I was pondering anniversaries this morning, my 65th on Earth on the 23rd, 40 years in the environmental and sustainability fields this year, 20 years of the triple bottom line this year, and it occurred to me to wonder when Gaia – or life on Earth – first managed to take a ‘selfie,’ as we now seem to call photographic self-portraits?
I had been thinking of the NASA Gemini or Apollo missions, whose images I recall being wonderfully inspired by.
So I dug around a bit – and found that it had happened considerably sooner than I had thought, indeed before I was born, in 1946. Scientists used a V2 rocket fired from the White Sands Missile Range to take a series of far-from-full-Earth photographs, but exciting, nonetheless. The image shown came from a camera on V-2 #13, launched on October 24, 1946. (Photo: White Sands Missile Range/Applied Physics Laboratory)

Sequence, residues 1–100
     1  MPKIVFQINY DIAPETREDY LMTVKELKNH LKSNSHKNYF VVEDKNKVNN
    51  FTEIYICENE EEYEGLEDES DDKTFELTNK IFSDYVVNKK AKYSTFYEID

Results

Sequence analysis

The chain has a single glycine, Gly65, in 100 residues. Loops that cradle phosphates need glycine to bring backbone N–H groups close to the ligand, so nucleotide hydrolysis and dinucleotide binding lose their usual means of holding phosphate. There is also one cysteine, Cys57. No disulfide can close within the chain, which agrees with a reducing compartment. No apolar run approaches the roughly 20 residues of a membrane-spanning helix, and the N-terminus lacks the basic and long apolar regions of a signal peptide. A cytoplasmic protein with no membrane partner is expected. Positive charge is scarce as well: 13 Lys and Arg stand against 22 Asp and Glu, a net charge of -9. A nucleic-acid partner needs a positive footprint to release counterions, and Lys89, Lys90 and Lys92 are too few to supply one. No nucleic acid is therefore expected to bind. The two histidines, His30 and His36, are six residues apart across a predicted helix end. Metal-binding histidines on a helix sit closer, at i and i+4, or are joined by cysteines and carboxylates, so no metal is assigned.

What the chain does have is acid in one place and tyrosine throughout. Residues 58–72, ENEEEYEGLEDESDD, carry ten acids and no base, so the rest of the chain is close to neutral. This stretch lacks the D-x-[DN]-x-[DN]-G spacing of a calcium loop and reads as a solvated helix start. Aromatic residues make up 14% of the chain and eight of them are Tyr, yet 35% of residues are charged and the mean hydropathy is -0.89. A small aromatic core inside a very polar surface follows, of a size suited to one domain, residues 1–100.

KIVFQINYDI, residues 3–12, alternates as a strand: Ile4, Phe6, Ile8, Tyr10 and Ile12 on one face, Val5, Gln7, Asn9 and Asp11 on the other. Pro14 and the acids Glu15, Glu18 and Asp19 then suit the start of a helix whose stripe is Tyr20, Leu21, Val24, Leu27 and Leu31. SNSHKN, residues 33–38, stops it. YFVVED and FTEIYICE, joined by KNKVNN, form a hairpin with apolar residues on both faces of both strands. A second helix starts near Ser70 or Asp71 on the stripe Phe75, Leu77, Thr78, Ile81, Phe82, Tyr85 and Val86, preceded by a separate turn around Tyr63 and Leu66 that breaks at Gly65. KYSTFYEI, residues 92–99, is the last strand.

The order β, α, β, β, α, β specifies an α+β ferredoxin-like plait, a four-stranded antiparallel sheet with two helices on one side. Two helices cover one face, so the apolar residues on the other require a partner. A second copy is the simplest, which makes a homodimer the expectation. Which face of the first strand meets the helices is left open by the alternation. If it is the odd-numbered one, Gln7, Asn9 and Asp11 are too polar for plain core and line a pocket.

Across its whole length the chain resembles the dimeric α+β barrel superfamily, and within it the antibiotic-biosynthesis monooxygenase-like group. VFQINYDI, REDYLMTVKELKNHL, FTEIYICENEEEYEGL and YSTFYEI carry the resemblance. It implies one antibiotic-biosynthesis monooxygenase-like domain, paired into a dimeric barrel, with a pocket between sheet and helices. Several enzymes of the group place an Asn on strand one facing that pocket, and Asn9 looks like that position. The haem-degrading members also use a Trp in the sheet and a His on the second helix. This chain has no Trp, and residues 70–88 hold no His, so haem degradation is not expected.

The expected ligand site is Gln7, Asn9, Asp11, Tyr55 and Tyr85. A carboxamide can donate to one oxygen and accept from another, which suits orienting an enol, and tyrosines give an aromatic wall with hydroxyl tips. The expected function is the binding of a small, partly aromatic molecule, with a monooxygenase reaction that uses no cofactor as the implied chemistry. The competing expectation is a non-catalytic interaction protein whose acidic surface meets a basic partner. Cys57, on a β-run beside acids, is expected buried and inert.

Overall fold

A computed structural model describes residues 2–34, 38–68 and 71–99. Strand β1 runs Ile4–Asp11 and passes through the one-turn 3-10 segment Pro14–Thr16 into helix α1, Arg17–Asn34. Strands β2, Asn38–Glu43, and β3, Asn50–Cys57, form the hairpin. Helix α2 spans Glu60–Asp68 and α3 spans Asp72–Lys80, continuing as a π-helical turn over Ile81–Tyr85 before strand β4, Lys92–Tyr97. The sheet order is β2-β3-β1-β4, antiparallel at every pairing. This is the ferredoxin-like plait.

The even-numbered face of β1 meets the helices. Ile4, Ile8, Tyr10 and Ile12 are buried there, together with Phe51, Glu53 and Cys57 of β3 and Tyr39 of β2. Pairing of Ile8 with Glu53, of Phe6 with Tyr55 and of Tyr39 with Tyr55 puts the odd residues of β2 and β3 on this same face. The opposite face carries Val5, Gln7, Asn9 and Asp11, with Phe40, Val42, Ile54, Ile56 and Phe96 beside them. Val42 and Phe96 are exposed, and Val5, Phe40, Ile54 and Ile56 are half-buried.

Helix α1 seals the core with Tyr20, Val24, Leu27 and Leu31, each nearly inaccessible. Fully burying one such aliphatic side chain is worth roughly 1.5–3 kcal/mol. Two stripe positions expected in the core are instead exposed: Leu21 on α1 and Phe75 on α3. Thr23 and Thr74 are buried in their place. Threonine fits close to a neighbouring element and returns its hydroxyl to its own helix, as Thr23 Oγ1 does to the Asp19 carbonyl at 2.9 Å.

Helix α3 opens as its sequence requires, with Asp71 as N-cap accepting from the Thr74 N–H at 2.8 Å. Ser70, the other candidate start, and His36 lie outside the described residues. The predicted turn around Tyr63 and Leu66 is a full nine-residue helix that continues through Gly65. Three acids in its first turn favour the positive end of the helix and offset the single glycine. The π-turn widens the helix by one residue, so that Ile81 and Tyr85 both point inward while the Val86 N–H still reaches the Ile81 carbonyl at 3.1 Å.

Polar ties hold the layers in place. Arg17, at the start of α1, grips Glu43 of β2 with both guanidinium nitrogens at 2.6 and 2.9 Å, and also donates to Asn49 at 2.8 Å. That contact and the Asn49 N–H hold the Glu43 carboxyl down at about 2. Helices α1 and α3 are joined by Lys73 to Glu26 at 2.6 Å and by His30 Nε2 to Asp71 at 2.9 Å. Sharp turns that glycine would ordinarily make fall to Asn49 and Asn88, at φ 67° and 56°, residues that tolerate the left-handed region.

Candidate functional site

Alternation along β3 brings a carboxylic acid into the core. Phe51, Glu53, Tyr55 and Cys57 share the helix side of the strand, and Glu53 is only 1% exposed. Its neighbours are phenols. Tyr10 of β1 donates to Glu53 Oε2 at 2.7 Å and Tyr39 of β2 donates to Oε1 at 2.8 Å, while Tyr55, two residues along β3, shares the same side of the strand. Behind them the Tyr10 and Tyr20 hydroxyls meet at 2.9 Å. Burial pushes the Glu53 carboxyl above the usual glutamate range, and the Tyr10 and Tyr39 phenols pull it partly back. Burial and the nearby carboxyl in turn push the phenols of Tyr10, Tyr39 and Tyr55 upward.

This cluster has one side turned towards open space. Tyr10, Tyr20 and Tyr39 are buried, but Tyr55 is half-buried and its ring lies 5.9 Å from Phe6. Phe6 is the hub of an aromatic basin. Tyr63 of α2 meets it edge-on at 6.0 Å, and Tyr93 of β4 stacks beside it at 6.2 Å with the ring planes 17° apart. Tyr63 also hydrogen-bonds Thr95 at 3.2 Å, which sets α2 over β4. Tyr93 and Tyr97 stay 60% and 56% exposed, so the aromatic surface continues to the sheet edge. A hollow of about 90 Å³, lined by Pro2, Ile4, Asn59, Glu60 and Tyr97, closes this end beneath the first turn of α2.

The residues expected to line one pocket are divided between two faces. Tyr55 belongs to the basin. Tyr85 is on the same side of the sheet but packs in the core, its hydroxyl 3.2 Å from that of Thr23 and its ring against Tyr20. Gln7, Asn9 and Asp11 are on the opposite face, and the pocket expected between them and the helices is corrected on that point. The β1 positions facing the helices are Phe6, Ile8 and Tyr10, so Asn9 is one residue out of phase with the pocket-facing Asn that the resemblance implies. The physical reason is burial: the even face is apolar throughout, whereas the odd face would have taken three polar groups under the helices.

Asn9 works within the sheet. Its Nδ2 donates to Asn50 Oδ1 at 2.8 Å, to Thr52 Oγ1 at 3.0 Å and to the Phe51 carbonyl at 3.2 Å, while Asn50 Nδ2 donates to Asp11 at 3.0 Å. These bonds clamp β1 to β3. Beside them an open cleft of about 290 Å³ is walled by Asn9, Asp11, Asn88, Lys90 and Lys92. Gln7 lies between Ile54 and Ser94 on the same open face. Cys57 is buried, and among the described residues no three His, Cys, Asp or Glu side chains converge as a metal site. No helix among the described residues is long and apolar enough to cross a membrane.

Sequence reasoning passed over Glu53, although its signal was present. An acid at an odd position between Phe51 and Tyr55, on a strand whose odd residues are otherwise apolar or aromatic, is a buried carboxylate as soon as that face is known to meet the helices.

If being able to see yourself as others see you is a key step in self-actualisation, this was in important moment for all of us. That said, we still have a long, long way to go. But then perhaps the multi-millionaires and billionaires who, one day, will be rocketed into space in vehicles operated by the likes to Richard Branson’s Virgin Galactic will come back transformed, in the same way many astronauts would be.